How to Acquire Translation Rights for a Book

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Acquiring the rights to translate literary works can feel overwhelming, especially if you’re just starting out, so we offer a few tips to help you through the process. You want to make sure you’re going about it the right way to avoid potential legal issues or other obstacles. If you’re looking to have your own work translated, we have literary translators working in over ninety languages to help your story reach a global audience. 

Important: Please note that the information below is not legal advice, and any legal questions should be discussed with a copyright lawyer.

Who holds translation rights?

Translation rights belong to the person or entity who holds the copyright of the original work. You can usually find this information on the book’s copyright page. In some cases, the author retains copyright and can therefore bestow the rights to a translator, either for free or for a payment. Quite often, though, it’s the publisher who holds the copyright and subsequently the translation rights, in which case the author can’t assign the translation rights without first negotiating with the copyright holder. Therefore, if the publisher holds the copyright, don’t reach out to the author asking for the rights to translate their work. 

Authors sometimes aren’t aware that they have given up their translation rights along with the copyright to their work, so it falls on you, the translator, to do the necessary research and double-check who actually owns the translation rights before signing any contracts. We suggest retaining the copyright of your translation when negotiating a contract with your publisher, who likely won’t be the same publisher holding the copyright to the original work.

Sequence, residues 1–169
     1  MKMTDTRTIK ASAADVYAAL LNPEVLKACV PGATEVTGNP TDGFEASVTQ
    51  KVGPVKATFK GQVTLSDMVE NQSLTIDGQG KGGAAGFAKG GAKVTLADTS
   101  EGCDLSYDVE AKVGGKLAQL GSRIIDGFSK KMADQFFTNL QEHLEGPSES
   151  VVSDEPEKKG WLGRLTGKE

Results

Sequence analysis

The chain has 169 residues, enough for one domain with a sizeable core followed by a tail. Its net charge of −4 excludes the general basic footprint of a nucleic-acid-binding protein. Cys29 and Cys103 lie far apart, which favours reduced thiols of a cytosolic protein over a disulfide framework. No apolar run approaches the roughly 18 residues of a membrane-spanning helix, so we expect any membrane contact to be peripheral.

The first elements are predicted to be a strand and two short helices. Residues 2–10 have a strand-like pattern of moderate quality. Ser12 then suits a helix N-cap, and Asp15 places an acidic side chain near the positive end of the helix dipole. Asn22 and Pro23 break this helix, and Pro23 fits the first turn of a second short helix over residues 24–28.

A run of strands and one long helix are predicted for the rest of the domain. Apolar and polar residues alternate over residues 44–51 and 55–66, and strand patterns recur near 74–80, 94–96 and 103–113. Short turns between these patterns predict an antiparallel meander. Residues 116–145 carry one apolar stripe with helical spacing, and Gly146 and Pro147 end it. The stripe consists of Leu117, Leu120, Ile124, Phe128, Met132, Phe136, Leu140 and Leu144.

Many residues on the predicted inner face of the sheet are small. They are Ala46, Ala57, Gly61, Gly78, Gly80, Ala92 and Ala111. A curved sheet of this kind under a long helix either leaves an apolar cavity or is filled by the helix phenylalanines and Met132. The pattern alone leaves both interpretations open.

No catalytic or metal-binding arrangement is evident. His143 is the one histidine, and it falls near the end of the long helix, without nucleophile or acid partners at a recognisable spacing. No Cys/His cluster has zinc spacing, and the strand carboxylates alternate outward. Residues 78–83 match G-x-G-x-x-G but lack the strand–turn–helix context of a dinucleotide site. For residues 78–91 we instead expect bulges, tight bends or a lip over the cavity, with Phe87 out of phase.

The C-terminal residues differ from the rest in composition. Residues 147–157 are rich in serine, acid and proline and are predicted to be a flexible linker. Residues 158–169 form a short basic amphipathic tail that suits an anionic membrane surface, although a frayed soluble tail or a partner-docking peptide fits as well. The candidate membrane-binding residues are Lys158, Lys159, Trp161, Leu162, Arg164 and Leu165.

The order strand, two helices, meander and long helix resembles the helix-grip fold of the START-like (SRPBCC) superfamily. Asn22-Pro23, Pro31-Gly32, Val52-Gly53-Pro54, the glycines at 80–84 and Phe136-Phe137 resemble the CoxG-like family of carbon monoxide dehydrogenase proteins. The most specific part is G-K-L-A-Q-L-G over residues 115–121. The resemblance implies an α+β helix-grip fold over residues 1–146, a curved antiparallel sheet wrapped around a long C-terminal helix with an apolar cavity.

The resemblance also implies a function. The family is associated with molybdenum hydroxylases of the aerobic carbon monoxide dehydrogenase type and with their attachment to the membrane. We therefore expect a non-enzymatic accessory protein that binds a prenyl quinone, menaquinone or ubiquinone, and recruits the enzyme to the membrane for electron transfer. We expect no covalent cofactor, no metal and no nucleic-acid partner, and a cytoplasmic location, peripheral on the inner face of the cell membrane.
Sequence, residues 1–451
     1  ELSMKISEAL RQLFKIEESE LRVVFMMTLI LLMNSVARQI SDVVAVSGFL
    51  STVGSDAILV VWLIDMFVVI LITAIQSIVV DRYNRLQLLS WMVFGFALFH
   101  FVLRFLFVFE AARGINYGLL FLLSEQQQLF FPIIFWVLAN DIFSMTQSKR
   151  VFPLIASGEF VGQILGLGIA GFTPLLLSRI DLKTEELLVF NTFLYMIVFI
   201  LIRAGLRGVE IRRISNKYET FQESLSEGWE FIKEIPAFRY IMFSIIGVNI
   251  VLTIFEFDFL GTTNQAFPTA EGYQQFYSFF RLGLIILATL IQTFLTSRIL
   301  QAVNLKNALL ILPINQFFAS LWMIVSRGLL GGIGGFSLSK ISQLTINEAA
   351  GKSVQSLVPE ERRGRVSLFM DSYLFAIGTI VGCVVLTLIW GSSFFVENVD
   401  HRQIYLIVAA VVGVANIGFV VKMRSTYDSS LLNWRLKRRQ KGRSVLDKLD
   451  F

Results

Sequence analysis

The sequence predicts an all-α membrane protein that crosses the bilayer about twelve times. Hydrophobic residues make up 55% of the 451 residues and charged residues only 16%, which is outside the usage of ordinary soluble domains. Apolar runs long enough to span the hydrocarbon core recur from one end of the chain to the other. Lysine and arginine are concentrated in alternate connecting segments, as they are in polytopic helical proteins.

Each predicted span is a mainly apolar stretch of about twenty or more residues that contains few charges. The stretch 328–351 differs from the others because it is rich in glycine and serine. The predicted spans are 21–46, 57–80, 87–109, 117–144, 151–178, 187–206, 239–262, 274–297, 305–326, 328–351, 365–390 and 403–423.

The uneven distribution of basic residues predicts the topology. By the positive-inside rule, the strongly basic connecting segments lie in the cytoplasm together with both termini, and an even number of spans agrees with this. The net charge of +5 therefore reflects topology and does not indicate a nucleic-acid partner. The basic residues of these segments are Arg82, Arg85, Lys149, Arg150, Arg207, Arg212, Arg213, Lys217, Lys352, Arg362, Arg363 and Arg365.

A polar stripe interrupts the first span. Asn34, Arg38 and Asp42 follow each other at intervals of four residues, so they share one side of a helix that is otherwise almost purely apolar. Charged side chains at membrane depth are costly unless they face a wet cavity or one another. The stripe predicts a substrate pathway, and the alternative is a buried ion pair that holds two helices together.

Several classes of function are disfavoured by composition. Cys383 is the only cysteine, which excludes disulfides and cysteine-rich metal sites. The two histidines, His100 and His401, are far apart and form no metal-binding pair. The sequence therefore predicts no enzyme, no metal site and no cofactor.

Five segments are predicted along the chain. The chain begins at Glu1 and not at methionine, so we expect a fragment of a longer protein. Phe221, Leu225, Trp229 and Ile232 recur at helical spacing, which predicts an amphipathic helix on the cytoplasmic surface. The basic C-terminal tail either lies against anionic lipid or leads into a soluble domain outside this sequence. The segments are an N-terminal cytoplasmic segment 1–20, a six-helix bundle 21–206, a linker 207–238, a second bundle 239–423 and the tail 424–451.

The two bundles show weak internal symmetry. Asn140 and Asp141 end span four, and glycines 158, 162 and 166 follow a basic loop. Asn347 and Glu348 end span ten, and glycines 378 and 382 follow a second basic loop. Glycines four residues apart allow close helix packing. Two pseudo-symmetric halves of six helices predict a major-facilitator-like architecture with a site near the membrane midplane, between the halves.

How to obtain translation rights

First, you have to make sure a translation in your target language doesn’t already exist. If it does, there’s no point in pursuing the project any further. 

If a translation doesn’t exist, the next step is finding out if the rights are available. You should start by writing to the copyright holder to ask about the translation rights; whether it’s the publisher or the author, it’s best to contact them directly. It shouldn’t be difficult to find their contact information—a quick Google search should tell you everything you need to know. 

If it’s a large company, find the right department, such as the foreign rights department, before you start sending out queries. Publishers and authors want their work to be sold around the world, so they’ll usually get back to you if the rights are available. If you don’t receive a reply, make sure to keep copies of your queries in case you’re asked about the rights when entering a competition or submitting a sample of your translated work to your publisher. However, you will need to have the translation rights signed over to you before anything can be published.

World language rights

Keep in mind that every country has its own publishing laws and regulations, so what applies in one place might not apply in another. Thus, it is important to understand how translation rights work in the market you are hoping to publish in. English-language publishers, for example, are split into two groups: the U.S. and the Philippines on one side, and the U.K. and the Commonwealth countries on the other. This means a book might have already been translated for the U.S. market, but the rights may still be available for the U.K. market. 

If the copyright on a book has expired or the work has entered the public domain, you might have the right to publish a translated copy of it, but again, do consult with a copyright lawyer to make sure you’re not infringing on any laws by publishing your translation. You don’t want to break any laws just because you didn’t read the fine print, so do all the proper research before you even think about publishing your translation.  

For more resources and information about publishing and literary translations, head over to our services for authors

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